K.K., O.K., X.K., and D.S.P. designed and managed all experiments. K.K., X.K., P.C.-S., and A.S. performed all in vitro and in vivo experiments. O.K., T.K., R.J.C.K., and Y.S.J. performed the bio-informatics analysis. O.B.B. and A.F.M.A. performed the mass spectrometry analysis. C.S. was responsible for the RNA sequencing of the patient samples. T.N.M.S., C.U.B., and J.B.H. were responsible for the patient data and the acquisition of the patient samples. F.W. and D.L.v.d.V. performed the volumetric measurements on the computed tomography (CT) scans, which was supervised by E.E.V. D.J.A. and U.M. were responsible for DNA sequencing. K.K., O.K., and D.S.P. wrote the manuscript. All authors revised and approved the manuscript. The project was supervised by D.S.P.
We would like to express our gratitude to the patients and their relatives for their cooperation in this study. We thank Xiaohang Qiao for her assistance with the BRAF IP-mass spectrometry experiment and we thank Ji-Ying Song for assessing the PDX H&E slides. We also acknowledge Iris de Rink, Arno Velds (Central Genomics Facility of the NKI), the NKI High Performance Computing, and the NKI-AVL CFMPB. D.S.P. and K.K. are members of the EuroPDX consortium. This work was financially supported by a grant from the Dutch Cancer Society (NKI-2013-5799; K.K., P.C.-S., J.B.H., and D.S.P.), European Research Council (ERC Synergy Grant “Combat Cancer”; X.K., O.K., and D.S.P.), Netherlands Organization for Scientific Research (NWO) through a VIDI grant (723.012.102, A.F.M.A.) and as part of the National Roadmap Large-scale Research Facilities of the Netherlands (project 184.032.201; O.B.B. and A.F.M.A.), Cancer Research UK and The Wellcome Trust (WT098051, D.J.A.), The Josephine Nefkins Foundation (E.E.V.) and Barcode for Life (E.E.V.), and a Queen Wilhelmina Award by the Dutch Cancer Society (D.S.P.).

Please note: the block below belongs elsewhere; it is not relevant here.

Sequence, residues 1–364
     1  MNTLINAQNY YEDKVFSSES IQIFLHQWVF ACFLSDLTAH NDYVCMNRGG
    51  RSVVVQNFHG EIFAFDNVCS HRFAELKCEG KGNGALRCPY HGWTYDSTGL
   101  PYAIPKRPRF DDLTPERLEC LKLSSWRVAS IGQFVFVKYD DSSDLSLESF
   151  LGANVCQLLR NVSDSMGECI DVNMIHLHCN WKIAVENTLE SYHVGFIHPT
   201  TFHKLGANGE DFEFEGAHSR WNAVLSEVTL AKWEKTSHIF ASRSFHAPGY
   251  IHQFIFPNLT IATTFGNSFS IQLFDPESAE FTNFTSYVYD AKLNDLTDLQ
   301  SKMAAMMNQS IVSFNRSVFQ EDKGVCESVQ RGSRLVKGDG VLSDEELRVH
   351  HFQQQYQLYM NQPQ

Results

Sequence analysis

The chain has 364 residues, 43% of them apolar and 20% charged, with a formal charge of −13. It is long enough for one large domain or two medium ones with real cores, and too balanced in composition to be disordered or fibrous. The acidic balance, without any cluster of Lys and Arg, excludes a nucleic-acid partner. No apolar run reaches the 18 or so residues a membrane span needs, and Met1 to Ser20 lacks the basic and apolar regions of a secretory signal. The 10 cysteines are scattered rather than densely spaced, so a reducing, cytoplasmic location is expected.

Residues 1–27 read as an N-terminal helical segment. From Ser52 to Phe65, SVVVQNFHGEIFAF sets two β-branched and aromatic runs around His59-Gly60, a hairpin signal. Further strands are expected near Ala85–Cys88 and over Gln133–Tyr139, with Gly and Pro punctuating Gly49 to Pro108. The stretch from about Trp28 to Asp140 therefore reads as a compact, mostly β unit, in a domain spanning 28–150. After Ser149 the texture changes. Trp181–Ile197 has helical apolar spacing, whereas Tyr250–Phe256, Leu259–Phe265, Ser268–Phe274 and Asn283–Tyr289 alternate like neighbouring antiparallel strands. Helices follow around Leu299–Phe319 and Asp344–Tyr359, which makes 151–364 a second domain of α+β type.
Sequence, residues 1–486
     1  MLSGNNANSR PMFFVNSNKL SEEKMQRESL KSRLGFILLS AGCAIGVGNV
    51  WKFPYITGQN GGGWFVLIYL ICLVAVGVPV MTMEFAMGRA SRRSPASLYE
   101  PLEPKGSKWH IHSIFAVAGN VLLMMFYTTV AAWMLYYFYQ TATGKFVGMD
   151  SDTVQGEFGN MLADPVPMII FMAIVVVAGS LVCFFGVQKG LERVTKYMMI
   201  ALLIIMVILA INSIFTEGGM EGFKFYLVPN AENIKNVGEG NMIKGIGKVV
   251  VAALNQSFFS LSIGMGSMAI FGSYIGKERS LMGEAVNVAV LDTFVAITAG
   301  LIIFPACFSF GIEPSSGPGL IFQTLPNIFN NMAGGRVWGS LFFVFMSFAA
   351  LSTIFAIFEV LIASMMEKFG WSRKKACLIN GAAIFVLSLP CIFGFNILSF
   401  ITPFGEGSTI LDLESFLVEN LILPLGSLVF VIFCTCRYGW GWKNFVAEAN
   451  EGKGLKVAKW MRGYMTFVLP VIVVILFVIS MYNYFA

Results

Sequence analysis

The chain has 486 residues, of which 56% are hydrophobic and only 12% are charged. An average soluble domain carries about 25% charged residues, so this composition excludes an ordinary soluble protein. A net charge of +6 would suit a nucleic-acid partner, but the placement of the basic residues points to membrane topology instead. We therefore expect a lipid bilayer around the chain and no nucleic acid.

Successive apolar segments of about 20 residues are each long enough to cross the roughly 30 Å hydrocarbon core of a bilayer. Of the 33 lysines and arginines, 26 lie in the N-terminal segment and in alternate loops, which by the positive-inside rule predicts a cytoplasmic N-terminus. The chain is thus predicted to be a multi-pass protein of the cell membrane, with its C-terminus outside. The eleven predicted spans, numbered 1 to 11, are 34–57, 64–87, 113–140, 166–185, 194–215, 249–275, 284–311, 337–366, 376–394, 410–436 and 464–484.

Published: June 16, 2016
Supplemental Information includes Supplemental Experimental Procedures, seven figures, and seven tables and can be found with this article online at http://dx.doi.org/10.1016/j.celrep.2016.05.064.